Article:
Merlin or falcon that the game pursue.

  How happy was that other not to die!

  Who risqued his neck in that deep bottom, who

  Rehearsed the tale so often, Turpin heard,

  And handed down to us the wondrous word.


  These and more marvels does the count, who bends

  His steps across that mountain to the plain;

  And, seeking long a path, at length descends

  Towards the south, upon the land of Spain.

  His way along the beach he after wends,

  Near Arragon, beside the rumbling main,

  And, ever prompted by his phrensy rank,

  Will make himself a dwelling on the bank,


  Where he somedeal may shun the noontide ray,

  With dry and powdery sea-sand covered o'er;

  And here, while so employed, upon their way

  Arrives Angelica with her Medore,

  Who, as you have been told in former lay,

  Had from the hills descended on that shore.

  Within a yard or less approached the fair,

  Ere yet she of his presence was aware.


  So different from himself was he to sight,

  Nought of Orlando she in him surveyed:

  For, from the time that rage possest his sprite,

  He had gone naked forth in sun and shade.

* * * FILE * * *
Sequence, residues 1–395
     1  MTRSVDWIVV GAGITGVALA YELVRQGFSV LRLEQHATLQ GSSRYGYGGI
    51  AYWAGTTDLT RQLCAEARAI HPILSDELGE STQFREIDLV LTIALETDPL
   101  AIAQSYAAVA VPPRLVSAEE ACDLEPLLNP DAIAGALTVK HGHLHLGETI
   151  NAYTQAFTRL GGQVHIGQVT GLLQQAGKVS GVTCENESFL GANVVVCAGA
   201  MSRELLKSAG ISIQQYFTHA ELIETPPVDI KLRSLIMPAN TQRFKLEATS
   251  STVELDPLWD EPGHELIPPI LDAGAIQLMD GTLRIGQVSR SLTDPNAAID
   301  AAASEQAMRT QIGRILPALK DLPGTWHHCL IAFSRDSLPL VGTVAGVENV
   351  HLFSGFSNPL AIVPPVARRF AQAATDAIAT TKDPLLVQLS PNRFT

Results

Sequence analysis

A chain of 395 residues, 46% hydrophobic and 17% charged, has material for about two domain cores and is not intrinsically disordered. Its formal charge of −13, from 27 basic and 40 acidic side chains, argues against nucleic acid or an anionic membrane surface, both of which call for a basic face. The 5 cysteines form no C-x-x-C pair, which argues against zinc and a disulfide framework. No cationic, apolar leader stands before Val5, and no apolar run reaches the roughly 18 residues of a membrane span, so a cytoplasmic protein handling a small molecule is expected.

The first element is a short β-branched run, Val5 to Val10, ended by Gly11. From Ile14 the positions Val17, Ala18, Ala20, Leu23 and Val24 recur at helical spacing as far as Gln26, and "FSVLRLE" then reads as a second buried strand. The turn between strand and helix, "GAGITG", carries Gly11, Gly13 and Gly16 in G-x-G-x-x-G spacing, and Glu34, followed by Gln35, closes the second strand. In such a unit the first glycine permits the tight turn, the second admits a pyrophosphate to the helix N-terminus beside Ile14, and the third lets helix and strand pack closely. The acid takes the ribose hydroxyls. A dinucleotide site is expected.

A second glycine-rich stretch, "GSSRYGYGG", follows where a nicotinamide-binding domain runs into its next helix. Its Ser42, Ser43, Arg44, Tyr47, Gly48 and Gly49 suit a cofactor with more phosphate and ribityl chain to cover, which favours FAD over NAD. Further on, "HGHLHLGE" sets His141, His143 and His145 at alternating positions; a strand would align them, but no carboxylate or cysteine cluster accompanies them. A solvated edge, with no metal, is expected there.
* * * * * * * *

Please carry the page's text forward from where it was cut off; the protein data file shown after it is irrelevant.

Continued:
Had he been born on hot Syene's site,

  Or sands where worship is to Ammon paid,

  Or nigh those hills, whence Nile's full waters spin,

  Orlando had not borne a dingier skin.


  Nigh buried in their sockets are his eyes,

  Spare in his visage, and as dry as bone:

  Dishevelled is his hair in woeful wise,

  With frightful beard his cheek is overgrown:

  No sooner is he seen, than backward flies

  Angelica, who, trembling sore, is flown:

  She shrieking loud, all trembling and dismaid,

  Betakes her to her youthful guide for aid.


  When crazed Orlando was of her aware,

  To seize the damsel he upsprang in haste;

  So pleased the wretched count her visage fair,

  So quickly was his mood inflamed: effaced

  In him all ancient recollections are,

  How she by him was whilom served and graced.

  Behind her speech the count and hunts that dame,

  As questing dog pursues the sylvan game.


  The youth, that sees him chase his love who fled,

  His courser spurs, and in pursuit is gone.

  With naked faulchion after him he sped,

  And cut and thrust at Roland as he run.

  He from his shoulders hoped to cleave his head,

  But found the madman's skin as hard as bone;